I trained hard. I helped coach the kids. I felt a moment of content. I felt as though I had given back to a sport that has proved my only respite from mania over the years. If only I could do that on loop, never stopping, never ceasing....if only.
I thought about one day having my own son. I thought about him one day stepping foot in the ring. I thought about how hard this sport is. How much you sacrifice and the long odds of ever being a champion in any regard. I thought about the innumerable events, birthdays, dinners, movies, all the stuff I've missed whilst training. I thought about my own weakness regarding my vices and the mounting litany of long term/irrevocable injuries that are piling up as father time takes his toll. The cruelest joke which taunts a fighter: as you learn and get better...time dulls that edge. There is a point of diminishing returns. There is a point of no return where you only lose ability. I thought about the first time I walked up the creaking wooden steps to my first boxing gym.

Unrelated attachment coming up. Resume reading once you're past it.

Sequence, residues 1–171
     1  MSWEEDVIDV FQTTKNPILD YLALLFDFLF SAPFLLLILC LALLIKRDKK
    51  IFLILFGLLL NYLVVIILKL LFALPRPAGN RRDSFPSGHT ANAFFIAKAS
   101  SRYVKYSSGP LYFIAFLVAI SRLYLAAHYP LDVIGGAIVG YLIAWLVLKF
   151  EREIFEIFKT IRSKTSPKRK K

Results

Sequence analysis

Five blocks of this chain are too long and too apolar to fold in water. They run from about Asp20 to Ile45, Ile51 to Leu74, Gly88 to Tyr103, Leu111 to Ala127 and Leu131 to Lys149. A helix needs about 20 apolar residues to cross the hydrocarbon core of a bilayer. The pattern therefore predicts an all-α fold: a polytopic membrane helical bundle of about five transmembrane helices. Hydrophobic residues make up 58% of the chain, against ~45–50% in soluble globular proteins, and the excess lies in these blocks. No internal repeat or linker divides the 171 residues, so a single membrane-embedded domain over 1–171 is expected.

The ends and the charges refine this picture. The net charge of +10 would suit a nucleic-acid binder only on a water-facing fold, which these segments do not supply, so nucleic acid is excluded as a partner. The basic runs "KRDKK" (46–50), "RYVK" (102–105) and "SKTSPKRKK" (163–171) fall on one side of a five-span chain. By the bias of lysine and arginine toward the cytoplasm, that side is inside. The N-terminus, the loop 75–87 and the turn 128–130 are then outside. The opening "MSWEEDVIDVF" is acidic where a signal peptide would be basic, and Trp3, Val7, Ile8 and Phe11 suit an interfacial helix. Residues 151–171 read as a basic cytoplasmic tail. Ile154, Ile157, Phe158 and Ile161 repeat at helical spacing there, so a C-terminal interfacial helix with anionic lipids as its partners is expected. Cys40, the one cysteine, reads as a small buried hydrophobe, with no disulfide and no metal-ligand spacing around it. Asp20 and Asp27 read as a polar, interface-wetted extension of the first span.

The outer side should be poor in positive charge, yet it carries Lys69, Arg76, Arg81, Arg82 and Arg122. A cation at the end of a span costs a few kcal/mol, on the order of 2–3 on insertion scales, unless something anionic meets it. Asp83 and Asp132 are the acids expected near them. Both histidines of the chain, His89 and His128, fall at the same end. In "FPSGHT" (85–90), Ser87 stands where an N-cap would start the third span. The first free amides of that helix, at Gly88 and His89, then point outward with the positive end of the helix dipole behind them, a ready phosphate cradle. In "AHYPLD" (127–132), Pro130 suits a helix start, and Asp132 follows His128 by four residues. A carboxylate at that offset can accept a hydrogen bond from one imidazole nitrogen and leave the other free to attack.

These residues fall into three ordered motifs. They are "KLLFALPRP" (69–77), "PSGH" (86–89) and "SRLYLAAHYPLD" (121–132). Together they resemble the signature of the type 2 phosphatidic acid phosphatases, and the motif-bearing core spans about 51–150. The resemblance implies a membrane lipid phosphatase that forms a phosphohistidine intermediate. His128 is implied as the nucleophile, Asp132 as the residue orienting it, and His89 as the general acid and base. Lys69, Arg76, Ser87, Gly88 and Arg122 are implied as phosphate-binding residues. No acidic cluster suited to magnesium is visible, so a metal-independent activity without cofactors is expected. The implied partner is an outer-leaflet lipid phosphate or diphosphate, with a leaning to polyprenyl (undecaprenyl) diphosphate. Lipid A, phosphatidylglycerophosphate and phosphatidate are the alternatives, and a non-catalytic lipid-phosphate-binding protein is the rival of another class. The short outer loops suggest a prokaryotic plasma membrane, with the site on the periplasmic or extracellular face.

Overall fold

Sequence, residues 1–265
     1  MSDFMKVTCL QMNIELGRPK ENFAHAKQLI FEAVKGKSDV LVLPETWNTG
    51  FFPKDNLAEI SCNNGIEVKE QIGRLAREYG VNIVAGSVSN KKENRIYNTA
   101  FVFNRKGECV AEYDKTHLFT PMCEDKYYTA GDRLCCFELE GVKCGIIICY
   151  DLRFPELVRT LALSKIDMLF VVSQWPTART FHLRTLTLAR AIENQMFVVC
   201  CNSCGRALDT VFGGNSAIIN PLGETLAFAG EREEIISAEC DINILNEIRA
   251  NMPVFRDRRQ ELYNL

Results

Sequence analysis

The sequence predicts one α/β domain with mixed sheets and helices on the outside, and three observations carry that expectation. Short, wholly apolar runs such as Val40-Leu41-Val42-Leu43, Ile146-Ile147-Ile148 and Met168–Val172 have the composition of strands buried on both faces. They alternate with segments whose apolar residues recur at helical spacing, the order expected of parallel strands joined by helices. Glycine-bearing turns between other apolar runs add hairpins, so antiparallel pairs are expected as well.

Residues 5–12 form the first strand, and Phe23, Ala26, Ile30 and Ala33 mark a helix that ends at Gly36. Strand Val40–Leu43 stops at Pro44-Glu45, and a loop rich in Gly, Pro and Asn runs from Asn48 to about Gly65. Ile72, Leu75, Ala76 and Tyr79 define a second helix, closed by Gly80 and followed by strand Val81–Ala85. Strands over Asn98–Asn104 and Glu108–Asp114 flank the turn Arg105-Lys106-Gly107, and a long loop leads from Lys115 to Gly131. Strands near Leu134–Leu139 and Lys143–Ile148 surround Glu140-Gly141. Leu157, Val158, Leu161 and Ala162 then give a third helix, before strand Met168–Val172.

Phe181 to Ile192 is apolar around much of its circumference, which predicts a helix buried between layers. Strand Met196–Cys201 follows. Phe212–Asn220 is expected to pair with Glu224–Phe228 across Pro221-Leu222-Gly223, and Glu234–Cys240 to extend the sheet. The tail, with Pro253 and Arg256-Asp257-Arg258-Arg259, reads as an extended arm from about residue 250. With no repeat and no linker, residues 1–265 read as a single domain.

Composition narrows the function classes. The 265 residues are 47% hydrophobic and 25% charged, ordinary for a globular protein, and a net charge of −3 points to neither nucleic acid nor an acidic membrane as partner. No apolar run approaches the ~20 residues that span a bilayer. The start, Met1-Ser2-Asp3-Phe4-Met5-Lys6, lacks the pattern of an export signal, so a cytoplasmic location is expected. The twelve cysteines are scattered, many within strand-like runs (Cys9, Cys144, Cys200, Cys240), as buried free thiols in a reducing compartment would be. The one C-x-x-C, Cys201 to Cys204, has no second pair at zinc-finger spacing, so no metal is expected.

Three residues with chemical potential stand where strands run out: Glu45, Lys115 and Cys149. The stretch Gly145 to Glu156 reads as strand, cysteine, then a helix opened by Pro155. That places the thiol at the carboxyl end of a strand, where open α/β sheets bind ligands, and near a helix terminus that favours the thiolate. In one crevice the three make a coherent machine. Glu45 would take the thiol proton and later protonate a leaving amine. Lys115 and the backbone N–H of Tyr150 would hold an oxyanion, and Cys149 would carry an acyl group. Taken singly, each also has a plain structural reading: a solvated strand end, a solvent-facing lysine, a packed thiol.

If I live to be an old man, I'll hobble to the gym, and croak instructions to a crop of young boys seeking escape, redemption, and glory underneath the bright, hot lights of the arena.
I drove home. I knew what was coming. Something stirred. I was not sated. I flitted into the night already knowing the outcome. I stopped pretending "I'll just have a few beers" awhile ago.
If I could lobotomize the part of me that sends me into the brink I would. If some catharsis made possible the removal of my dark passenger I would gladly go through the gauntlet. That same part of me that bids me walk up those steps into the ring/cage does not come with an "off" switch.
The gift and the curse. They say anyone who says they don't feel fear in the ring is either lying or crazy. Well, I don't feel fear. And that's the truth. Figures that I'm crazy. - Be who and what you are.